This simoon was what now is commonly called a Sundowner wind. These winds, similar to Santa Ana winds in other parts of southern California, are extreme features of a downslope wind. They are common in Kern County and often bring dusty and warm weather to the south valley ahead of a cold front. It is also the dynamic that causes our “rain shadow” when wet weather is approaching from the west with strong southerly winds around Bakersfield. For Santa Barbara in June 1859, very strong mid level winds were blowing north to south across the Santa Ynez range and a late season cold dry airmass has expanded over the Great Basin and interior California. The already dried air which had come into the foothills of the Sierra by way of a “Mono Wind” (dry northeasterly wind across the Sierra) would be further warmed and dried when forced over the Santa Ynez mountains south into Santa Barbara. It was a singular event. Many other Sundowners have occurred since, typically late in the day (hence its name)- but never of such intensity and renown. The 133-degree high temperature that day was the unofficial high temperature record for the US (only because “official” records weren’t established until 1870 with the founding of what would become the US Weather Bureau). More than 50 years would pass before Death Valley claimed the current title of hottest place in America, and that at a place you might expect it- in a desert below sea level. People still talk about the Great Simoon as if it were a legend or tall tale. But from the account of newspapers, ship logs, government records and many stories handed down from generation to generation- it really happened on an infamous Friday in June 1859.
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kamalktkOffline
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PostPosted: 17-07-2013 19:39    Post subject: Reply with quote

The local university's professors doubt it.
http://www.geog.ucsb.edu/events/department-news/771/goleta-s-great-simoon-of-1859/

"When asked, Professor Joel Michaelsen commented: “I have never found any outside source to validate Tompkins' story, and I am highly skeptical of its veracity. I don't doubt that strong hot, dry downslope winds could kick up lots of dust and produce very high temperatures - but in the 110 F - 115 F range at most. The 133 F just isn't physically reasonable, as it would require the creation of an extremely hot air mass somewhere to the northeast. Last Monday's weather was a very good strong example of the sort of conditions that would produce such a heat wave, and our temperatures topped out at least 20 degrees below Tompkins' figure. Stronger winds could have increased the heating a bit, but not nearly that much. Add to all that meteorologically-based skepticism Tompkins' well-known tendency to mix liberal doses of fiction into his 'histories,' and I think you have a strong case for discounting this one.”"
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dreenessOffline
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PostPosted: 18-07-2013 06:37    Post subject: Reply with quote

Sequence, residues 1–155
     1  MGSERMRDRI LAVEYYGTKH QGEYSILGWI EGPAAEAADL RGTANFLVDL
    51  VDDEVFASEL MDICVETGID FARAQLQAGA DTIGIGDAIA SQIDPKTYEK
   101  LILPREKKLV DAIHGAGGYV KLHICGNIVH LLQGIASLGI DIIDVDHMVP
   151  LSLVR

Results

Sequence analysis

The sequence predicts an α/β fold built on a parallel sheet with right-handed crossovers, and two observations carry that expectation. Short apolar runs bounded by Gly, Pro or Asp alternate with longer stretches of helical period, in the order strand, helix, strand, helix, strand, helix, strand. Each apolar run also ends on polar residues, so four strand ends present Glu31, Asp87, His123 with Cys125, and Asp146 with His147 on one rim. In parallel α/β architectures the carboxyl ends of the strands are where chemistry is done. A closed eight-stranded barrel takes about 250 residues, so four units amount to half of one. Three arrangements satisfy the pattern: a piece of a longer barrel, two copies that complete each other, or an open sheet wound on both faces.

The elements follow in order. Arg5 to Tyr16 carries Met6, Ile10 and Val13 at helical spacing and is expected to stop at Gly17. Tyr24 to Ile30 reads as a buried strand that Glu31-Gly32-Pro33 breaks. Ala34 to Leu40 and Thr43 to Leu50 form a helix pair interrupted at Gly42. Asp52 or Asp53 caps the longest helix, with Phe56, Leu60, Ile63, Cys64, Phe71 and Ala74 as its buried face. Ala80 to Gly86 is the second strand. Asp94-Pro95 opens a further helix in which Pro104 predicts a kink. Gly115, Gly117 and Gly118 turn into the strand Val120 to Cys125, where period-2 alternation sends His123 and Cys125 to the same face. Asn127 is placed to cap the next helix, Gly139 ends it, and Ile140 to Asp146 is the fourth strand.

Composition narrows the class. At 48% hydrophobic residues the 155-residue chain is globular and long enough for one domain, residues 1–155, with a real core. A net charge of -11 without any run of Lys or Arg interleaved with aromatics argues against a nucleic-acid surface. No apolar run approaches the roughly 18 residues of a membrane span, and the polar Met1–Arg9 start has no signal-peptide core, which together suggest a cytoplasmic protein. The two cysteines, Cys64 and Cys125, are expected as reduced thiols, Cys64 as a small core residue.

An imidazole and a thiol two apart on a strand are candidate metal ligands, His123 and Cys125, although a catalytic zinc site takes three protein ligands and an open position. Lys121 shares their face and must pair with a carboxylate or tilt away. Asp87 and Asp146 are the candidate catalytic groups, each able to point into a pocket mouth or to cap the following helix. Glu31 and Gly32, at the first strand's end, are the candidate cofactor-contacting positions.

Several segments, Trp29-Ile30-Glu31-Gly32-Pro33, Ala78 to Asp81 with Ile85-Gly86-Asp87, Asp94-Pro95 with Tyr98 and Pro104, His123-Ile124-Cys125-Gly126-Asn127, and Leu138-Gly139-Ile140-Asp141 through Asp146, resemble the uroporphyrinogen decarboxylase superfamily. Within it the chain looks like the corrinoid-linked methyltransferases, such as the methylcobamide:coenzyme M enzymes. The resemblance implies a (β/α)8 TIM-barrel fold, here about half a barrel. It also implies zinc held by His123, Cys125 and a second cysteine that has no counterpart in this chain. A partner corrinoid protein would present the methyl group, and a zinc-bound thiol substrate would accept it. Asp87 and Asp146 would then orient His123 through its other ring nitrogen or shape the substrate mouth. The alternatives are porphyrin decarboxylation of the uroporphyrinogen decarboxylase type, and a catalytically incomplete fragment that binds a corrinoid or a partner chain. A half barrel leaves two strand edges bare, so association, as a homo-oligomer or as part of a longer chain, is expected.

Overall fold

Here's another puzzling event that may or may not have ever really happened.


From MaltaStar.com
Quote:
Malta Cave and Missing Children

Unexpained Mysteries

Tradition holds that before the British government sealed up several tunnels, one could walk from one end of Malta to the other underground. One of the labyrinths, discovered by excavators, is the Hypogeum of Hal Saflieni, in which excavators discovered the bones of over 33,000 people who had been sacrificed by an ancient pagan neolithic cult.National Geographic, Aug. 1940 issue, told of several school children who had disappeared without a trace in the Hypogeum.

British embassy worker Miss Lois Jessup convinced a guide to allow her to explore a 3-ft. square "burial chamber" next to the floor of the lowest room in the last [3rd] sub-level of the catacombs. He reluctantly agreed and she crawled through the passage until emerging on a cavern ledge overlooking a deep chasm. In total shock she saw a procession of TALL humanoids with white hair covering their bodies walking along another ledge about 50 feet down on the opposite wall of the chasm.

Sensing her they collectively lifted their palms in her direction at which a strong "wind" began to blow through the cavern and something big, "slippery and wet" moved past her before she left in terror to the lower room, where the guide gave her a "knowing" look. Later she returned after the 30 school children and their teacher[s] had disappeared in the same passage that she had explored, only to find a new guide who denied any knowledge of the former guides' employment there.

She heard reports however that after the last child had passed through the "burial chamber" and out onto the ledge, a "cave-in" collapsed the burial chamber and the rope connecting them to the lower chamber was later found to be "cut clean". Grieving Mothers of several of the children swore that for a week or more following the disappearance they could hear theirchildren crying and screaming "as if from underground". Other sources state that an underground connection exists or did exist between Malta and reaches hundreds of miles and intersects the catacombs below the hill Vaticanus in Rome.